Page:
On Recognizing the Season of Life you are In

We finally made it to Spring. This winter was the coldest, wettest, cruelest winter we’ve had in years. In Seattle, my kids missed enough school that they’ve tacked on four extra make-up days at the end of June. Argh! I love snow as much as the rest of them, and the first two or three times it snowed, I was thrilled. Then, it just kept on snowing and I thought it would never end. Not to mention the high electric bills that still take my breath away.

As Spring makes its way to the far reaching corners of Carnation, I can’t help but feel that I’m in the middle of a season of change, myself. My kids have suddenly gone from these little people who go along with my ideas, and who like what I like, to full-fledged individuals with ideas of their own and attitudes to back it up.

It’s all good. They’re delightful and fun to be with. They are open-hearted and accepting. They are filled with hope for the future and excitement about things like guinea pigs and lacrosse.

But my daughter is now as tall as me. She walks with poise and her laughter is contagious. My son is strong and energetic. His little boy-ness is passing away and I’m beginning to get glimpses of the man he will become. We sit down to eat dinner together and end up discussing politics, ethics, morality. They have their own ideas and their own thoughts about the workings of this world.

It does not escape me that my days as a mother are shifting and changing, that the long season of preschool when I could hardly get through the day because I was so tired, are over. Something else is required of me. My kids need my attention and time in a different way than they did when they were little. They need my wisdom, my prayer, my counsel. They no longer need to be told to obey in quite the same way they did when they were two and three years old and needed to learn to look both ways when crossing the street.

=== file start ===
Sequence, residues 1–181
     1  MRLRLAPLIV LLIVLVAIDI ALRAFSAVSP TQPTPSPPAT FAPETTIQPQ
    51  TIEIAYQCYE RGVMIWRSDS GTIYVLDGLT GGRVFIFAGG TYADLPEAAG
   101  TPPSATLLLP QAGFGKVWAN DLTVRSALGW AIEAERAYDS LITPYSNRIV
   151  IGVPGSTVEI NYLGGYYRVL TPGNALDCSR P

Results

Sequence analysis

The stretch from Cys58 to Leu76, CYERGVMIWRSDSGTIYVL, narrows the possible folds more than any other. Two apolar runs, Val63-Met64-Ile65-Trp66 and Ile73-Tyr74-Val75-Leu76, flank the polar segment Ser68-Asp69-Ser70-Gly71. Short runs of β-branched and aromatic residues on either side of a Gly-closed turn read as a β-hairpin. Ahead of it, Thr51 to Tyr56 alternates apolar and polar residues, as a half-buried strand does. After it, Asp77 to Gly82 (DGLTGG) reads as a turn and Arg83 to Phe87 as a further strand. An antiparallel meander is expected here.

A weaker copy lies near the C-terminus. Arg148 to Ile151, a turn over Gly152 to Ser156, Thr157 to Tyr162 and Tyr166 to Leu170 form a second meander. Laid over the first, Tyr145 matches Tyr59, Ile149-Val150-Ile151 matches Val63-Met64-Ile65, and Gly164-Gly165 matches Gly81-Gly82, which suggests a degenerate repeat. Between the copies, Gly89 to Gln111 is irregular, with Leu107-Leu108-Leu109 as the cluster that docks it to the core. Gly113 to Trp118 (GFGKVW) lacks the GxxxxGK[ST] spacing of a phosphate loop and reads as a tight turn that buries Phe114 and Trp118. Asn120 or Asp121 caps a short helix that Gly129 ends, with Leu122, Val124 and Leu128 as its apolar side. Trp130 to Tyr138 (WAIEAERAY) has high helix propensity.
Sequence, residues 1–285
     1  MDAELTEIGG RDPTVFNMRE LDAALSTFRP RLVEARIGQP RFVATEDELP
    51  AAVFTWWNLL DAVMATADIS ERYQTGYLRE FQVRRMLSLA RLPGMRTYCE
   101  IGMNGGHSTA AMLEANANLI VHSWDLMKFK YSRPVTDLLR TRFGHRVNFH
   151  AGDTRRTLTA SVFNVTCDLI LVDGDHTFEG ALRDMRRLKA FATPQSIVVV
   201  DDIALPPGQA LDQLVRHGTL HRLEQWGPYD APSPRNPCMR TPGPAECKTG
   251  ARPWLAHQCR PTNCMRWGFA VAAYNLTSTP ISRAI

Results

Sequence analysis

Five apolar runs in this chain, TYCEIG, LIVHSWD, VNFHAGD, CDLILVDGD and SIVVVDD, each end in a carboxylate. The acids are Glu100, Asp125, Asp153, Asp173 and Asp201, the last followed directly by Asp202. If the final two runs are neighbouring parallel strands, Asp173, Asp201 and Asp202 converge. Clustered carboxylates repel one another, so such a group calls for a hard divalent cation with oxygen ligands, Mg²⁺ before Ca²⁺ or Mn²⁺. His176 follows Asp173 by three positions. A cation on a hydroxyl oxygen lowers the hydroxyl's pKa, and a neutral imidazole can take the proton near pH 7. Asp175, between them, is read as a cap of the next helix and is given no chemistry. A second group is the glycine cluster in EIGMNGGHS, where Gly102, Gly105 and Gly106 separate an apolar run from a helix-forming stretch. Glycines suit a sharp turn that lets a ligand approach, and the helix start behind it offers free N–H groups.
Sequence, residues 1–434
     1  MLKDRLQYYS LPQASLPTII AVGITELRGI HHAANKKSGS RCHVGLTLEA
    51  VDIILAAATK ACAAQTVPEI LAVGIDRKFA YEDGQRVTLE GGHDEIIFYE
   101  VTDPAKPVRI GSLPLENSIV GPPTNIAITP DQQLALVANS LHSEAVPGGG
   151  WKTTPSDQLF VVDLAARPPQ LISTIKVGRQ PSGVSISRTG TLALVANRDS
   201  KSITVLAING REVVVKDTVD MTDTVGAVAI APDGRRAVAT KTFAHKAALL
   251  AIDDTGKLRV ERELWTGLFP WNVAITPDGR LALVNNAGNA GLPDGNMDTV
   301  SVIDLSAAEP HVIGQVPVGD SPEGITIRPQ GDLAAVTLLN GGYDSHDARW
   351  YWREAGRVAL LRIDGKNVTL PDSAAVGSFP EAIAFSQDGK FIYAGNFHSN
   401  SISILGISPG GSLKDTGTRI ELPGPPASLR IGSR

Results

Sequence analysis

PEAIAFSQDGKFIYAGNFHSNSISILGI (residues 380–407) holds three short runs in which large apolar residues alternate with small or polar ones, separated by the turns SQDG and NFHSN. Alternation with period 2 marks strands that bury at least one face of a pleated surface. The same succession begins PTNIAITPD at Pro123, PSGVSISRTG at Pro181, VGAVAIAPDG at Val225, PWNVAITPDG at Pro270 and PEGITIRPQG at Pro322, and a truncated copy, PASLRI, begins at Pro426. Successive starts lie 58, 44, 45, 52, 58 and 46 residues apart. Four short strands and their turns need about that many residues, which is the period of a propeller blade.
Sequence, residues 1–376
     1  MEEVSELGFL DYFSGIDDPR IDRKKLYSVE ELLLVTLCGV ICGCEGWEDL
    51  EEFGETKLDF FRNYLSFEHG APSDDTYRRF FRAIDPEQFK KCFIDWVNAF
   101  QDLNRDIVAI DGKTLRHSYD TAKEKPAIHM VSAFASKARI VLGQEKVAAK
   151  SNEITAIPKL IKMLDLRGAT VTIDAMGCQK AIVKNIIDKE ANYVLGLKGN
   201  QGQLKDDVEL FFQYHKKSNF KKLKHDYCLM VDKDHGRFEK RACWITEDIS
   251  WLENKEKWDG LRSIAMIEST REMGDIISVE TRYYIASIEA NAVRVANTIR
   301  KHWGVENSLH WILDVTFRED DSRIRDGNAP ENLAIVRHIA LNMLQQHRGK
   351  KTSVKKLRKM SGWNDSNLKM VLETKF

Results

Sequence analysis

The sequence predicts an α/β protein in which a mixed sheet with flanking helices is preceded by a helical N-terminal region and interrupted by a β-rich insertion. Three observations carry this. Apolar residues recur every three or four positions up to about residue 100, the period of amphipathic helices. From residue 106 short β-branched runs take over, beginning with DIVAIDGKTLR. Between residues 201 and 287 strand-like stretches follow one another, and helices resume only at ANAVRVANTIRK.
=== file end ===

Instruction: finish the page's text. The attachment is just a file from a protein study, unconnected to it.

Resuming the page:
Now, they need counsel on how to be a good friend, on how to resolve conflict and what it means to make wise choices. They need my stories. They need my attention. They especially need my presence. Not my bodily presence to make sure I’m able to throw food their way as they toddle around, but my attentiveness.

This realization is changing everything about how I order my days. I don’t have as much time to get together in the evenings with friends anymore for a glass of wine or a cup of tea. I’m not reading nearly the amount I used to. I spend most of my free time driving my kids around and making sure they have what they need, that they’re doing their homework. I make dinner most nights and coach them as they help John and me clean up after dinner.

When my sister was here, we sat around the dining room table and told our childhood stories. We laughed with my kids, big belly laughs. We talked about boyfriends and heartbreaks. We discussed divorce and remarriage. We talked about disappointment. My children drank up these dinner conversations like chocolate milk. They turned their ears to my history and listened. Children need to hear their stories, the beautiful and the painful. It’s all important in order to form a whole identity.